But Ann Waters, a Travel Leaders franchise owner in Fort Wayne, Ind., said agents tend to like the site they use most often. She herself said that Delta and American have the best websites for booking ancillaries.

And, even though many agents have become familiar enough with online sites that they can book an ancillary service fairly swiftly, it remains an inefficient process, requiring a separate login, manually entering information and generating an invoice.

The process is much more daunting for a consumer who is unfamiliar with the websites and is trying to compare pricing, only to find that each airline's site has its own way of displaying ancillary information.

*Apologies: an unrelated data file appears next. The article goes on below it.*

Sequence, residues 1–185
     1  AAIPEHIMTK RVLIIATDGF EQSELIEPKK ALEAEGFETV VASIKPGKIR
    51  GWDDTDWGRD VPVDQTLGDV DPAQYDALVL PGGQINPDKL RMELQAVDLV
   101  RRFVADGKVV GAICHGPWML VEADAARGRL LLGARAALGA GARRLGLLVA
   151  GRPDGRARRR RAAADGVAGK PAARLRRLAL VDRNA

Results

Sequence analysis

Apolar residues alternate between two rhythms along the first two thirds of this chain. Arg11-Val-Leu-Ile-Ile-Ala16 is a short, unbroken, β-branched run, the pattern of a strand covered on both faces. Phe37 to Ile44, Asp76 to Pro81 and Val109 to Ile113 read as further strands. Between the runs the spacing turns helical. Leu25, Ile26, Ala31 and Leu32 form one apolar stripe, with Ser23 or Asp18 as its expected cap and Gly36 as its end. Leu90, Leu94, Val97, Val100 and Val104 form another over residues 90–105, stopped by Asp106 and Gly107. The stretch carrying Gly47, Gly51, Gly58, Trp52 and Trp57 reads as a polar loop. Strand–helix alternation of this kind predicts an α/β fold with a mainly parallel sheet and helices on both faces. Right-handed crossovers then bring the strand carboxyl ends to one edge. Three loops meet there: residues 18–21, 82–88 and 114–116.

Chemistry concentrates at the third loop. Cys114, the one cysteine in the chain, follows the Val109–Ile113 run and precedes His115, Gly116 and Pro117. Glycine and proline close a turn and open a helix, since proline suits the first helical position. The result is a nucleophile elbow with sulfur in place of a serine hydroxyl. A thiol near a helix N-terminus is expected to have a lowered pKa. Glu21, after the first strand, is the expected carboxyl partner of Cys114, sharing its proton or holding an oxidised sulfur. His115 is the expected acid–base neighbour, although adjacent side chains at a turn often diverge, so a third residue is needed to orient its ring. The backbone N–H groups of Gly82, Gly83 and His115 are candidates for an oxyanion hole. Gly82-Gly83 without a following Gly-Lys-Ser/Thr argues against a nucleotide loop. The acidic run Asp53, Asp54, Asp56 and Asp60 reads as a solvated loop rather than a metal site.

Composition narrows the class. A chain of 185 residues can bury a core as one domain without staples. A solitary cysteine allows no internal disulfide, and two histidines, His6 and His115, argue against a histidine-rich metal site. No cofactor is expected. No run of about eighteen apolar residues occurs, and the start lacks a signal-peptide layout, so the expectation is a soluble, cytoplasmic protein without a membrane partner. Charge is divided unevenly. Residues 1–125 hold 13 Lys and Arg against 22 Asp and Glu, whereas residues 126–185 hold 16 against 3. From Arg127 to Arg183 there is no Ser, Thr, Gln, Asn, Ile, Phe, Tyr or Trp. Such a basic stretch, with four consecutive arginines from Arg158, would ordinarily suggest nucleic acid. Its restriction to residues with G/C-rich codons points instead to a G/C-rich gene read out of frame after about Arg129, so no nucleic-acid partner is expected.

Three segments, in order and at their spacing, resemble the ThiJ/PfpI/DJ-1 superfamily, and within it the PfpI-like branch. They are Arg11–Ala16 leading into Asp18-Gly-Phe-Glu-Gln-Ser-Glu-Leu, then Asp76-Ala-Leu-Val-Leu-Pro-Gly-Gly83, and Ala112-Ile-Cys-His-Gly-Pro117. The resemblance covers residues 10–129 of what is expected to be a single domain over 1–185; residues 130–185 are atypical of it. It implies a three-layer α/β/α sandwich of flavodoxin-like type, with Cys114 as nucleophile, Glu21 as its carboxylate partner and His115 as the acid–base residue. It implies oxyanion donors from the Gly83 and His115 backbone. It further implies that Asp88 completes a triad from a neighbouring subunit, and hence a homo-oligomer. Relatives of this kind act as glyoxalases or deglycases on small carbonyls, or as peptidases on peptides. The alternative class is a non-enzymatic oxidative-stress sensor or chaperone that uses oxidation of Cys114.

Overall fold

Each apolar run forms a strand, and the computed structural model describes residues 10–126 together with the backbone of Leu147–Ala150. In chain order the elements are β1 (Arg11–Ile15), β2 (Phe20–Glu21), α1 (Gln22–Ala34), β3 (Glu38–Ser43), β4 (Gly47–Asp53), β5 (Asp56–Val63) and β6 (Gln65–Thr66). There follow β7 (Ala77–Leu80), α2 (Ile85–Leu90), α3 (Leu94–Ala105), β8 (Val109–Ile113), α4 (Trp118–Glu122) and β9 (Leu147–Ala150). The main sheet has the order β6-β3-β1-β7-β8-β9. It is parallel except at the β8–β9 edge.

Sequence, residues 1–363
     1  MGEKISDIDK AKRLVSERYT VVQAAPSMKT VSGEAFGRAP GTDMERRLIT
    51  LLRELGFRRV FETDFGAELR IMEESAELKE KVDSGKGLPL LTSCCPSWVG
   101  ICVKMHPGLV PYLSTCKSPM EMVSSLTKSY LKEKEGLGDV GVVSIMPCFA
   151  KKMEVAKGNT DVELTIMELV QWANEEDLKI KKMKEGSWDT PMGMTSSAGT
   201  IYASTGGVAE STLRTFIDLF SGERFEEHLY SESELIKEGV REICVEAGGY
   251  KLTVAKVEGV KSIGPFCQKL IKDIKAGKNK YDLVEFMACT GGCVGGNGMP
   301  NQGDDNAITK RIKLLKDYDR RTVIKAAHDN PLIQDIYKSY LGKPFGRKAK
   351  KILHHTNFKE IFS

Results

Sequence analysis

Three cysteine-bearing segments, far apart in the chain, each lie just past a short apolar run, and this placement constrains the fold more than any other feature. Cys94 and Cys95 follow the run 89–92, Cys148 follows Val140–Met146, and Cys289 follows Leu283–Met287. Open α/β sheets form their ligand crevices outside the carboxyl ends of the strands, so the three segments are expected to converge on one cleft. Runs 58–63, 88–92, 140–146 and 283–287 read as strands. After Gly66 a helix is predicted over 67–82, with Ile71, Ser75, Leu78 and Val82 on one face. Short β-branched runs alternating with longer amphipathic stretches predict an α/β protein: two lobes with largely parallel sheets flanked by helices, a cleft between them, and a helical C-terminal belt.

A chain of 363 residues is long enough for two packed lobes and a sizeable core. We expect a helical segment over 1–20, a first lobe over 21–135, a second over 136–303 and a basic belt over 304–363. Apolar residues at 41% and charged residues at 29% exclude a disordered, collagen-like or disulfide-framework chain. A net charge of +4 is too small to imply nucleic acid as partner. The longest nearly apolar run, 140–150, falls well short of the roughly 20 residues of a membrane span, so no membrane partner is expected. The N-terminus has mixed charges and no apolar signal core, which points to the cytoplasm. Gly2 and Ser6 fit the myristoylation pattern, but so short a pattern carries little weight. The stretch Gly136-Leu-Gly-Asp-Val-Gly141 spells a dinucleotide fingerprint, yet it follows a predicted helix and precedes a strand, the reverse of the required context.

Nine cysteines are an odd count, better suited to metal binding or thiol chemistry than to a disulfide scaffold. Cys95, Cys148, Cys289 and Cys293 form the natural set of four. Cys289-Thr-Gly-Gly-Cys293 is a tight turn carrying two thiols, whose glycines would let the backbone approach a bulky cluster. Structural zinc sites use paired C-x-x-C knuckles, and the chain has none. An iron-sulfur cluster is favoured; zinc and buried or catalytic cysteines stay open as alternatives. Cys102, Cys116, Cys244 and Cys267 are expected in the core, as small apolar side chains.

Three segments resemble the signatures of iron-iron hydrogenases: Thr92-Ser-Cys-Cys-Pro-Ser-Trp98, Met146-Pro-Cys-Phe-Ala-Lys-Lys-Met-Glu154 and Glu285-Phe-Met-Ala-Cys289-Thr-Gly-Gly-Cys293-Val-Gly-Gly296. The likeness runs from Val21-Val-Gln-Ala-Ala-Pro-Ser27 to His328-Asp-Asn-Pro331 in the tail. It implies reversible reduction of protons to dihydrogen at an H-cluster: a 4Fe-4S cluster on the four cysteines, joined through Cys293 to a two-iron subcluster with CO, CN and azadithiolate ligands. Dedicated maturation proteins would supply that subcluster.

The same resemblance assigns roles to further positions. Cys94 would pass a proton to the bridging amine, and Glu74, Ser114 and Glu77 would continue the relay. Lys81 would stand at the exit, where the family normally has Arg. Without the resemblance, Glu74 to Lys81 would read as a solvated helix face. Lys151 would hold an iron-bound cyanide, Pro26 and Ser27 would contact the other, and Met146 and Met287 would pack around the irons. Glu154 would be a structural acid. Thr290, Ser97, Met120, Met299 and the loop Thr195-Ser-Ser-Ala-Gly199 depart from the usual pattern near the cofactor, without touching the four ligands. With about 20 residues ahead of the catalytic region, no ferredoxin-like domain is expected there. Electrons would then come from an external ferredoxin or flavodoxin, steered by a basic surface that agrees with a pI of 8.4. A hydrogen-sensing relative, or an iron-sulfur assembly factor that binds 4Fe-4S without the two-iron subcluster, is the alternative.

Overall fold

American displays a link to its charges for baggage and optional services on its home page, but you have to click on the link and then scroll through a lengthy list of baggage fees (first checked bag, second checked bag, third checked bag, overweight bag, oversize bag, etc.) before getting to preferred seats, travel for unaccompanied minors, priority boarding and other options.

On United's site, Mileage Plus members can type in their member number and credit card and instantly see what their baggage fee is.

Further complicating the process, some carriers let users buy a premium seat while making their reservations, while others require users to buy an economy seat first and then buy an upgrade.

On American's site, users simply click on a Preferred Seat and see its cost while making their booking, just as they would if they were buying an economy seat.